BIG on nostalgia – reuniting Julie Walters, Jamie Bell, brick lanes and hideous geometric wallpaper from Billy Elliott for starters- director Paul McGuigan makes sure his fairytale is well earthed.The couple meet in a London boarding house when young Peter is enticed by the fiftysomething’s acting warm-up routine.
His landlady explains who the actress was: "Gloria Grahame? Always played the tart in black and white films. Not so good in colour, obviously".
When Peter agrees to partner her in her room as she tries out Saturday Night Fever dance of the moment – the Hustle - the scene, with the camera spinning around Bell and Bening’s naturally synchronised sexy moves, is the perfect shorthand for the way this odd couple’s romance clicks.
There’s some knowing comedy for us when a trip to a bar for two pints costs “90 pence mate” – making the audience laugh. Also we do when the couple witness the scene in Alien where the beast springs out of John Hurt’s chest, a bit like the powerful passion both our odd couple feel pulling them together. And when the barman recognises Gloria as the big-time actress who “… won an Oscar, if memory serves", Peter becomes more smitten having watched one of her classic movies which brings the smouldering young Gloria to monochrome life.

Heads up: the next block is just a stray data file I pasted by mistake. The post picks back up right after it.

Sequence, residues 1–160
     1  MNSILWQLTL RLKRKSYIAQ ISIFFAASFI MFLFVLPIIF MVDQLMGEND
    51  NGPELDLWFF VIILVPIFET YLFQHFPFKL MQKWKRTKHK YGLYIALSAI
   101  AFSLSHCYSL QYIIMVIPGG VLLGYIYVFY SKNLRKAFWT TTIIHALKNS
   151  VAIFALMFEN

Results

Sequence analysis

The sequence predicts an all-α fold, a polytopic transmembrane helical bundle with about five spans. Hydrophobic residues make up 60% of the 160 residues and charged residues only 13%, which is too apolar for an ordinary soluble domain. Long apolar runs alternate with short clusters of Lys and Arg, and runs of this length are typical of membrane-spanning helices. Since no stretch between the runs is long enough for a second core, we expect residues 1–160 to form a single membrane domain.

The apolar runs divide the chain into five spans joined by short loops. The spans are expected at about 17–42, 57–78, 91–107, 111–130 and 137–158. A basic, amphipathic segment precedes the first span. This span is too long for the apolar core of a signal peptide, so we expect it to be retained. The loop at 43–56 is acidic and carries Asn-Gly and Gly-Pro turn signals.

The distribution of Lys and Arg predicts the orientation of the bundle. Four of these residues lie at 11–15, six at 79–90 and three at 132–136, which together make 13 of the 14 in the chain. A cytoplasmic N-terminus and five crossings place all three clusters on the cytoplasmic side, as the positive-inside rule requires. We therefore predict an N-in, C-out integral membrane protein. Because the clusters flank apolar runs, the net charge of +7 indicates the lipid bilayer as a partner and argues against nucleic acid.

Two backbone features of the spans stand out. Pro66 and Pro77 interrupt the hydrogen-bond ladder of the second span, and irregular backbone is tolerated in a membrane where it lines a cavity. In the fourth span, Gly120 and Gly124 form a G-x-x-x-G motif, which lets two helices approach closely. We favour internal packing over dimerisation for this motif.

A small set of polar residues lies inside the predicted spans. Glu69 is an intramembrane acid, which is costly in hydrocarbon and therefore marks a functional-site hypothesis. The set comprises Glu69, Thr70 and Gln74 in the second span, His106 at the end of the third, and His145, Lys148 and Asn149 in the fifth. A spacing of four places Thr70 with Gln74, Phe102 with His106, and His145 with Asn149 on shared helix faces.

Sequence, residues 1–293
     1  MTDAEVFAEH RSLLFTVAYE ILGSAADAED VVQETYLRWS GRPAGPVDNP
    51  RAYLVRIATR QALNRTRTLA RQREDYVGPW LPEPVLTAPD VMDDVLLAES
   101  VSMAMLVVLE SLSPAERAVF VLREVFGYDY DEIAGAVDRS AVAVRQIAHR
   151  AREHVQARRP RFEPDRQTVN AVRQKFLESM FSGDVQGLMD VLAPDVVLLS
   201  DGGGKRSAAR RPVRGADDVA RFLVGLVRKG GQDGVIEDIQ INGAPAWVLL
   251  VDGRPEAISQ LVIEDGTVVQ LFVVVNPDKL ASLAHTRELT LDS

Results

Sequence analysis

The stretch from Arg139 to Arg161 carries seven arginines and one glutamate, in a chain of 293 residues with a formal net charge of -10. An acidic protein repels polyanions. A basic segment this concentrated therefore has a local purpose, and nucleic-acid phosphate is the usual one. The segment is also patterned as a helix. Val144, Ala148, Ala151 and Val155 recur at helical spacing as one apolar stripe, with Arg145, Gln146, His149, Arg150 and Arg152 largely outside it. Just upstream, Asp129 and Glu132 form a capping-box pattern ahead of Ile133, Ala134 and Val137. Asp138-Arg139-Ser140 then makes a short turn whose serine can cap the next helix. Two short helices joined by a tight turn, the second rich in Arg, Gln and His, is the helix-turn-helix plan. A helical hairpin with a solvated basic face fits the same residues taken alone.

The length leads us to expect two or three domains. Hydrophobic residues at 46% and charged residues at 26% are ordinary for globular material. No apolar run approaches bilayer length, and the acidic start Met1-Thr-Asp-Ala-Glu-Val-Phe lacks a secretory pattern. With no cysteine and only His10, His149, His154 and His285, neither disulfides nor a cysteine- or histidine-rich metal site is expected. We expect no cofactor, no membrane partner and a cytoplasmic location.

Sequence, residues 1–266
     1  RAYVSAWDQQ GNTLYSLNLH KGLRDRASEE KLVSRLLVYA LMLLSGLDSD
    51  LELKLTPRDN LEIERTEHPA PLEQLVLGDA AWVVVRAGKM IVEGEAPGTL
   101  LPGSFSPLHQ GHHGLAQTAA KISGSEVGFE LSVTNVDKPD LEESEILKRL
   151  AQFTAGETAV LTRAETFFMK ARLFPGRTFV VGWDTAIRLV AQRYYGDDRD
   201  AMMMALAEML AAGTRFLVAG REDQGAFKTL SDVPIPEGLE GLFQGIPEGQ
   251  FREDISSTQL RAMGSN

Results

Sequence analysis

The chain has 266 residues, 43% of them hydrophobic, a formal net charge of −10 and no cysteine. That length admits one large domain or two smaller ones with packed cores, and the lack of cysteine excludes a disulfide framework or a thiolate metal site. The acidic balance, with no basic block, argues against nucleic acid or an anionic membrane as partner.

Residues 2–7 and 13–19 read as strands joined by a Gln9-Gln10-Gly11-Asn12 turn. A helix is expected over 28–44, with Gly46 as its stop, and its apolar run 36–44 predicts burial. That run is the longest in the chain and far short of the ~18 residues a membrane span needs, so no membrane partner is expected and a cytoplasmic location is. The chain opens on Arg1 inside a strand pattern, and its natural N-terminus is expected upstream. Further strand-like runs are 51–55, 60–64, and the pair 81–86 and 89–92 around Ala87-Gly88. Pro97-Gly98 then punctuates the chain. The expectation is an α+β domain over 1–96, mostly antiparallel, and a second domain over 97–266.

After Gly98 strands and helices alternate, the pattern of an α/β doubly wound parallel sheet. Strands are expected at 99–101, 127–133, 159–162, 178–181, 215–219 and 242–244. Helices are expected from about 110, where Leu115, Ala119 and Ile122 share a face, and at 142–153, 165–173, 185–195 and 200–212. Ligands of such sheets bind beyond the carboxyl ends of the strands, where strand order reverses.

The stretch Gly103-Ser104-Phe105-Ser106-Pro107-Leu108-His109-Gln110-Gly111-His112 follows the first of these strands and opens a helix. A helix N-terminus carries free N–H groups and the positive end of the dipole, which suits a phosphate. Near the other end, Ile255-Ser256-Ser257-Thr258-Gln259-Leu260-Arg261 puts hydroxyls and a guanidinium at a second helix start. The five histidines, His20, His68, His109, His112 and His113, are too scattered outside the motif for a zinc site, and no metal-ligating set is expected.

Gloria's sensitivity over her age appears when she casually mentions to Peter that she’d like to play Shakespeare’s Juliet - and he wincingly jokes the role of the nurse would surely be more appropriate.
And Gloria's youthful view of herself and love is highighted again in an ugly way on the couple's trip to her beach-front trailer home in the US. Gloria’s jealous sister Joy (a waspish Frances Barber) deliberately mentions in front of Peter that Gloria’s fourth husband was her young stepson.
McGuigan occasionally takes shortcuts with the odd cinema trick. So Peter closes a door in Liverpool, only for us to see him open it a second later in America and vice versa. There's also fun with flashbacks and shifting us back or forward in time to contrast or almost duplicate significant moments - or track Gloria's failing health.
Bell is good at portraying Peter’s pain and also his unquestioning support when Gloria's vulnerability surfaces.
"How do I look?” she asks him at their final meeting, every inch the film star.
“You look beautiful!” he re-echoes from an earlier, happier scene.
Recalling acting with Humphrey Bogart, Gloria repeats to Peter the legend's advice: “Just keep it in the shadows, Gloria. Let the camera come to you!”
Bell and Bening’s subtle performances do just that and secure the truth and charm of this bittersweet real-life romance. MC
Gloria: If I make you a drink will you come into my room and Hustle with me – I need a dance partner?
Peter: If you fix me a drink I’ll clean your bathroom!
Quick review: An unlikely romance blossoms in 1970s London between a fading Oscar-winning Hollywood star and a young Liverpool actor. Pulled apart by their age difference and bad timing, there’s one last poignant get-together in this true story.
Film Stars Don’t Die in Liverpool returns to Eden Court from December 29 to January 4.